This article is more than 3 years old

The human impact of this pandemic has implications for policy and practice

Julie Hulme reveals largely untold stories of the dramatic effect on the lives of students arising from the pandemic.
This article is more than 3 years old

Julie Hulme is a Reader in Psychology at Keele University

Throughout the pandemic, the media has been criticised for sensationalising the virus – particularly through its emphasis on the high mortality rate amongst older people and those with underlying health conditions.

The underlying discourse suggests that young, healthy people are relatively safe, and unaffected – and of course this population typically includes many students in higher education.

One might be led to believe, then, that students have had a relatively easy time during the lockdown, especially given some coverage suggesting that younger people may have largely ignored lockdown restrictions or been among the first to visit beaches and host house parties. But my day-to-day interactions with students tell a very different story.

Human impacts

Despite all students being given a universal two-week extension on all assessments this semester, we have seen the number of “exceptional circumstances” (known elsewhere as mitigating or extenuating circumstances) claims more than double in the past few months. Within our undergraduate final year alone, my department has processed around 300 exceptional circumstances claims.

Some of these students have been directly affected by coronavirus, having had the virus themselves – some for extended periods of time. One student experienced symptoms including pneumonia for over two months. Others have experienced bereavement; one student has lost three family members in as many months.

These students have lost valuable learning time, and now face catching up on assessments over the summer months.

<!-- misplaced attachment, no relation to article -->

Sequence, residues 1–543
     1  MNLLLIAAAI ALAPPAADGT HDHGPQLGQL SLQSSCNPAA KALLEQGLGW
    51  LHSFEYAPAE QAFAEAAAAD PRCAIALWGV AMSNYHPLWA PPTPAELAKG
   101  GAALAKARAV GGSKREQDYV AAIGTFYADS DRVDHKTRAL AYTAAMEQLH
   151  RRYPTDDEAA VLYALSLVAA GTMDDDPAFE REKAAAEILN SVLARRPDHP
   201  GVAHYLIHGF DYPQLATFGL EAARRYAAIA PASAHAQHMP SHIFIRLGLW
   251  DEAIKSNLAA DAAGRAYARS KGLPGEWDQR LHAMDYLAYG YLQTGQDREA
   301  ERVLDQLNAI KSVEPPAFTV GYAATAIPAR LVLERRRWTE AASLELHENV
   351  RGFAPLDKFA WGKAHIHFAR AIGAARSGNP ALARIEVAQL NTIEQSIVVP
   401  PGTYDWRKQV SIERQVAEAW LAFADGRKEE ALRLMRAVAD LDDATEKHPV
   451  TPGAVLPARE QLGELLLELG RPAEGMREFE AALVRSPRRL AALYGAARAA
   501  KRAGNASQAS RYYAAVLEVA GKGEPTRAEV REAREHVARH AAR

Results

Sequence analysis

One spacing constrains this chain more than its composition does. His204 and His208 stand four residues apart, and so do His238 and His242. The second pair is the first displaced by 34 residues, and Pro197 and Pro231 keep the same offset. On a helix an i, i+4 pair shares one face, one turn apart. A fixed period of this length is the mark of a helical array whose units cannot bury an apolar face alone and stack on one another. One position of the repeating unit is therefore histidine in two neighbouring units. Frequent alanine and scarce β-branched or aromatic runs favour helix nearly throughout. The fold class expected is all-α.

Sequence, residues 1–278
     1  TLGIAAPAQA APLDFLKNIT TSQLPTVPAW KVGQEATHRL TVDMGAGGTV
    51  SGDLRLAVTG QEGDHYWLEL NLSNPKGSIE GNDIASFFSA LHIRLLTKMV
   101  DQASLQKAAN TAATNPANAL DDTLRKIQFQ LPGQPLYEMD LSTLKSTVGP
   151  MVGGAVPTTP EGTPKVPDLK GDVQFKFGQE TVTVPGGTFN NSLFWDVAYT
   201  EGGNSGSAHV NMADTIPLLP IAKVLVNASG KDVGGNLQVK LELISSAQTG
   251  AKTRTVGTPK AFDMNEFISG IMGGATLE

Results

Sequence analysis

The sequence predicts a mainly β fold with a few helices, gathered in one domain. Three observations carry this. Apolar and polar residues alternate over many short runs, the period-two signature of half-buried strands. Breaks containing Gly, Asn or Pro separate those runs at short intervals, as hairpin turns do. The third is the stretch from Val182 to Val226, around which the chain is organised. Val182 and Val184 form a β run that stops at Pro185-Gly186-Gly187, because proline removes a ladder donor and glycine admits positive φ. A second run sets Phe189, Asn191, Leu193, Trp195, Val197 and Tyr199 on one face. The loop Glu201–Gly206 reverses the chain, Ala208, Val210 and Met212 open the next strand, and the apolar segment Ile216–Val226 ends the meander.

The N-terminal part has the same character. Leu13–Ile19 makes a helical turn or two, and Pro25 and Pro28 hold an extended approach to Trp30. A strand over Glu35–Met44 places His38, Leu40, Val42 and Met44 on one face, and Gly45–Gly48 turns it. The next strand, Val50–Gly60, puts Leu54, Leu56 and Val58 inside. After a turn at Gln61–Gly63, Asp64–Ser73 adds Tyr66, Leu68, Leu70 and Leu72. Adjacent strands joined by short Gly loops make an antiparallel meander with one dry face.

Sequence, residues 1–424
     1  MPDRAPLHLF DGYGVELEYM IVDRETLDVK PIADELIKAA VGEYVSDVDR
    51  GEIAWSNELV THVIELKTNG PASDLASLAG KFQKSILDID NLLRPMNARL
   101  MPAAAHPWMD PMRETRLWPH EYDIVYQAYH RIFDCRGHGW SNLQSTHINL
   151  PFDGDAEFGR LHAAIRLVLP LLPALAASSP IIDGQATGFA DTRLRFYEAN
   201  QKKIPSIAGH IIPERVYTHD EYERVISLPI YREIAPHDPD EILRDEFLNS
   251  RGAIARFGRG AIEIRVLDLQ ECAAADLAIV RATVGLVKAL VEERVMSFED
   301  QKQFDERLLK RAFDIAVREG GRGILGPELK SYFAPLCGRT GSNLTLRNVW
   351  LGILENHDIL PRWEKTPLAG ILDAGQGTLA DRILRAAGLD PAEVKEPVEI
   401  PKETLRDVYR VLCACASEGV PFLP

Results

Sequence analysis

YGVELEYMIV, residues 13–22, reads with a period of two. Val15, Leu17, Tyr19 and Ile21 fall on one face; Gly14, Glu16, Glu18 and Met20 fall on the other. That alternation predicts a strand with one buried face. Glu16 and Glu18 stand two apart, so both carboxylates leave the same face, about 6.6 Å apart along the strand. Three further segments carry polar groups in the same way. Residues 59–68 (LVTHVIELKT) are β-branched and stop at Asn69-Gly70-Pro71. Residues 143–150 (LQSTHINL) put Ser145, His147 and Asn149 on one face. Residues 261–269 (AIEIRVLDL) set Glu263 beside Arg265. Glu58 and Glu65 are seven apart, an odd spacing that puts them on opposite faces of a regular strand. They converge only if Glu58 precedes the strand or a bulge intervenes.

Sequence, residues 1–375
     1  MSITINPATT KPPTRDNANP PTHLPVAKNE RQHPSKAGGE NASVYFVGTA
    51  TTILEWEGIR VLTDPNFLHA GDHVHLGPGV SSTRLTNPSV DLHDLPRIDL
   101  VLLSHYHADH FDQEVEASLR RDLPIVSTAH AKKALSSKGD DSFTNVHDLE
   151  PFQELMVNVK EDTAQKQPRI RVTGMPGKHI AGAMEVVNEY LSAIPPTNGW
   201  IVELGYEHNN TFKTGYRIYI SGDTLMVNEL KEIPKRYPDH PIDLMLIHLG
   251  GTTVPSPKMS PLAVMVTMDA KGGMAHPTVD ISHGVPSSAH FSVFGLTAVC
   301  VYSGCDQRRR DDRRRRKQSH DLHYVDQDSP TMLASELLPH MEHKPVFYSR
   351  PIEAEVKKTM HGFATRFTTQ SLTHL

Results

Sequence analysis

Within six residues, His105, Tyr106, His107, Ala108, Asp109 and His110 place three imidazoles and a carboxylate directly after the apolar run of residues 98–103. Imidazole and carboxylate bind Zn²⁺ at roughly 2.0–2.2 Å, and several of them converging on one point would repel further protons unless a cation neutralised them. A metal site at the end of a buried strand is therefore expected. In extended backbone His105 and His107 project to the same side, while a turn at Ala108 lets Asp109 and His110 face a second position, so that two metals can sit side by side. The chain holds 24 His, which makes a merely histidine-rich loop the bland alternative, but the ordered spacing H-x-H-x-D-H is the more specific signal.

But it is not only the direct effects of Covid-19 that have affected students’ learning. I conducted a survey of all students in my department, and found that many aspects of equality, diversity and inclusion have impacted upon them.

Students talk about mental ill health and isolation, about not having access to a computer or the internet, and having to study in crowded living spaces whilst competing for desk space with parents and siblings.

One student described becoming homeless after finding herself facing domestic violence whilst still trying to complete her assignments. Others have taken on extra hours as key workers and volunteers, to support the needy in their communities; some have lost their jobs and have serious financial concerns.

Despite their personal circumstances, many students have persisted, submitted work, and even excelled. They are to be applauded – especially as many of these students also describe the challenges of working without a routine, without access to the library, without being able to just drop in for a chat informally with a tutor.

Asking for help is difficult when you have to clearly articulate your question in an email, when maybe your thoughts are in disarray, and you feel like you might be bothering your tutor.

It’s not all bad news. Some students have benefitted from online learning – ironically often those with energy-limiting disabilities, some of whom have found that the accessibility and flexibility of emergency remote teaching suited them better than the “old normal”. And many of our students felt well supported, and we certainly worked hard to make sure that they knew that help was available.

Listening and learning